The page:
Diversity & Equity Committee Mission
The mission of the Diversity & Equity Committee for Gloucester’s 400+ Anniversary is to promote a truthful and inclusive history of Gloucester. The committee exists to help anyone interested in marking Gloucester’s 400+ Anniversary do so with intention and equity. The committee is working to bring attention and respect to the people of Gloucester whose stories are historically erased, misrepresented, or only partially told. We exist to encourage all those who engage in this anniversary to have conversations that are deep, thoughtful, and challenging about both the joyful and painful parts of the city’s history. The committee aims to do this in ways that bring more people into the conversation, creates shared accountability, and promotes responsible action in the City of Gloucester and beyond. We recognize that the act of telling history is a political one. The committee acknowledges colonization as a violent and oppressive force through which many Native people were murdered or displaced. We also acknowledge that slavery is a part of American history and that New England played an equal role to the south in creating the system, economy, and ethos that helped keep this institution running for over 200 years.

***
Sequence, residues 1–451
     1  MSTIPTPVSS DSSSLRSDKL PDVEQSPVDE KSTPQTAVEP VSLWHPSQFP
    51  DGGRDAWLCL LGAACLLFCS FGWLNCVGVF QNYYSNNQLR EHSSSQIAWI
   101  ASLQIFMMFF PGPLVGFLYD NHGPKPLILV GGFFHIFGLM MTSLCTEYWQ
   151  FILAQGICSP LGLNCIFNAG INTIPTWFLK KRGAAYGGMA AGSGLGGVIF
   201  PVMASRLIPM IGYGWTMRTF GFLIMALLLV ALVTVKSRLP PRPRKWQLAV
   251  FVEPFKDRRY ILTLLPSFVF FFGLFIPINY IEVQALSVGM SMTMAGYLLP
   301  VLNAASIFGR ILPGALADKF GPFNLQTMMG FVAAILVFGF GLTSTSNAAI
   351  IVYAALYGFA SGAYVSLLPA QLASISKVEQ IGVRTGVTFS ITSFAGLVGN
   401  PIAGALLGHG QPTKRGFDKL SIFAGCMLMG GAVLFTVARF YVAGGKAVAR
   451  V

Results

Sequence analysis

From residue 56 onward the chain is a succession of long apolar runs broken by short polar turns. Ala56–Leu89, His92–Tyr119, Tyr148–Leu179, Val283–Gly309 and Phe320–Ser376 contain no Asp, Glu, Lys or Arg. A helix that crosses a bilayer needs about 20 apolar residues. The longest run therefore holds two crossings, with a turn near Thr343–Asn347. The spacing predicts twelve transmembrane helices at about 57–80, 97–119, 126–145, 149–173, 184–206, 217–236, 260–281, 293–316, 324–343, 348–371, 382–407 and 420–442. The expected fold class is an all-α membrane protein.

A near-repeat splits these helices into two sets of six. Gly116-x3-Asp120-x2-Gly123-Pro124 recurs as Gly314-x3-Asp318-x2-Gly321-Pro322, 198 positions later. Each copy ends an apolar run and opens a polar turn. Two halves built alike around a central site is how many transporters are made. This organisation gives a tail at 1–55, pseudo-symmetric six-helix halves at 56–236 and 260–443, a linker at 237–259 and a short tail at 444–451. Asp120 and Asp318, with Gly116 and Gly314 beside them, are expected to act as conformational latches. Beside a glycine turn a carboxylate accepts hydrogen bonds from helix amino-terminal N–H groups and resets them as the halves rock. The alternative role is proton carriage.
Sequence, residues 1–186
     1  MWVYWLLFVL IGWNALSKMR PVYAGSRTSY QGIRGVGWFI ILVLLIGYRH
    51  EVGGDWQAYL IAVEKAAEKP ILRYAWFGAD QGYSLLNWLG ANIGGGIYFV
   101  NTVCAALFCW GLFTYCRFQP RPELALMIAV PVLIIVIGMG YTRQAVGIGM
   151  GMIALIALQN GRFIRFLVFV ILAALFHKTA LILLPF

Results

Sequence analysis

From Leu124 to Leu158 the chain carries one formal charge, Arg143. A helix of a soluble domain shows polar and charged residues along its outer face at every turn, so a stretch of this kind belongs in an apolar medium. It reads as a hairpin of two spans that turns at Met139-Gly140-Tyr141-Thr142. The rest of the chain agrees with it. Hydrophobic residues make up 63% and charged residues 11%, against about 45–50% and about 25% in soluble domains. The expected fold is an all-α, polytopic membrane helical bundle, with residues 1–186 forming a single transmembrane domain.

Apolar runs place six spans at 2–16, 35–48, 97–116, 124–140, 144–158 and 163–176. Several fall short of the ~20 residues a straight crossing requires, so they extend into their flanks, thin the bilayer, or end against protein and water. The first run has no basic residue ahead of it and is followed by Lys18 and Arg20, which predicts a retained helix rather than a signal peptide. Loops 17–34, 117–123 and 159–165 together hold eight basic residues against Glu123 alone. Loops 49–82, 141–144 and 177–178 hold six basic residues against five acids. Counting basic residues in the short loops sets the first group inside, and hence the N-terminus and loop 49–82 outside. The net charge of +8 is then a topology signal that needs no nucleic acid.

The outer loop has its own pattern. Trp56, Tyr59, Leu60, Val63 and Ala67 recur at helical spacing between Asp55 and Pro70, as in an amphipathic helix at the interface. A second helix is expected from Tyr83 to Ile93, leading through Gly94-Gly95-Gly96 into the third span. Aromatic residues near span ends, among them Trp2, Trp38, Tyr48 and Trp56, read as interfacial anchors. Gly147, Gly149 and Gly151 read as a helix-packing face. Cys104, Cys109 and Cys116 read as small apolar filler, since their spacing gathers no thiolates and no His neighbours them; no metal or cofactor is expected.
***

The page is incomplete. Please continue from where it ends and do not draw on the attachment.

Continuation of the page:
Gloucester 400+ Anniversary Land Acknowledgement
The City of Gloucester is located on the traditional and ancestral homeland of the Pawtucket people and their neighbors the Massachusett, Nipmuc, Penacook, and Wampanoag tribes. We recognize and honor the Native and Indigenous peoples who have lived in this territory for more than 10,000 years, are here now, and will be here for generations to come. We acknowledge our responsibility to include Native people and perspectives across our efforts to share Gloucester’s history, including the painful history of genocide and forced removal from this territory. During Gloucester’s 400+ Anniversary and looking towards the future, we seek to expand the visibility of and celebrate the histories, cultures, and stories of the Native and Indigenous peoples of this place. We would like to thank members of the Massachusetts Center for Native American Awareness for reviewing this acknowledgement.